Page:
Impact of infestation by parasitic weeds on rice farmers’ productivity and technical efficiency in sub-Saharan Africa
Simon Akahoua N'cho,
Matty Demont (),
Patrice Y. Adegbola and
Alfons Oude Lansink
African Journal of Agricultural and Resource Economics, 2017, vol. 12, issue 1
Rice production is crucial for food security and income generation in sub-Saharan Africa. However, productivity and technical efficiency levels in rice production systems are severely constrained by biotic constraints such as parasitic weeds. This paper assesses the impact of infestation by parasitic weeds on rice farmers’ technical efficiency and examines the potential role of managerial factors in improving technical efficiency. Household and field survey data were collected from rice farmers in Cote d’Ivoire and Benin in West Africa. A stochastic frontier production function was estimated, which allows for identifying the levels of exogenous factors that prevent farmers from improving technical efficiency levels. The results suggest that farmers cope with parasitic weeds through learning from experiencing infestations by parasitic weed. The results will assist national extension in designing segmented training programmes that are better tailored to rice farmers’ needs and preventing food security from being jeopardised by parasitic weeds.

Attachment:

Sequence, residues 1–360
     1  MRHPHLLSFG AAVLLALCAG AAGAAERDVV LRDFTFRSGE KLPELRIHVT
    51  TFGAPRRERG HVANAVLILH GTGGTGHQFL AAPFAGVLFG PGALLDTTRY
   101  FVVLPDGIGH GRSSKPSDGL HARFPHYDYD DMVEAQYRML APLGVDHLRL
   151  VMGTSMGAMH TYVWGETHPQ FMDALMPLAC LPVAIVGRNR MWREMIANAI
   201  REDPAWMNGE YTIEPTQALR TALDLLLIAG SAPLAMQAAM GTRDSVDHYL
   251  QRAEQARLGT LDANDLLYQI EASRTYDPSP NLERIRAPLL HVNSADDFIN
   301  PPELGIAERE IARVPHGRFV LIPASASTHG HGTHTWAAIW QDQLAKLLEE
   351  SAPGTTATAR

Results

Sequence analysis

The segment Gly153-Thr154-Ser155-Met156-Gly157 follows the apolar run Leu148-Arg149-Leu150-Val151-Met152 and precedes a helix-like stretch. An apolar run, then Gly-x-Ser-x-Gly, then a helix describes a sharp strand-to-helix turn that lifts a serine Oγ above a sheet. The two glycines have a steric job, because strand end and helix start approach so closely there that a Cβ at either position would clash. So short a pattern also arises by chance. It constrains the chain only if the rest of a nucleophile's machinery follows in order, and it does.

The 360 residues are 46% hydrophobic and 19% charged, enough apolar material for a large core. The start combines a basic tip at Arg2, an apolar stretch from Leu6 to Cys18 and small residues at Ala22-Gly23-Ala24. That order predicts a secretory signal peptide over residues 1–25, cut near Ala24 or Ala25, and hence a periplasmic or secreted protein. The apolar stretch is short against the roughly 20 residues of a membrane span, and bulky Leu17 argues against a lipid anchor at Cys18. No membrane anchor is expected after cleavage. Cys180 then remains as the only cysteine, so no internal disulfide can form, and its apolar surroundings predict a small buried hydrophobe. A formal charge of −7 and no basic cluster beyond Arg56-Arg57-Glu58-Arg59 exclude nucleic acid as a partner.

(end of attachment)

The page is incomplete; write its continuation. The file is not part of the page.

Keywords: Agricultural and Food Policy; Crop Production/Industries; Food Security and Poverty (search for similar items in EconPapers)
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Persistent link: https://EconPapers.repec.org/RePEc:ags:afjare:258598
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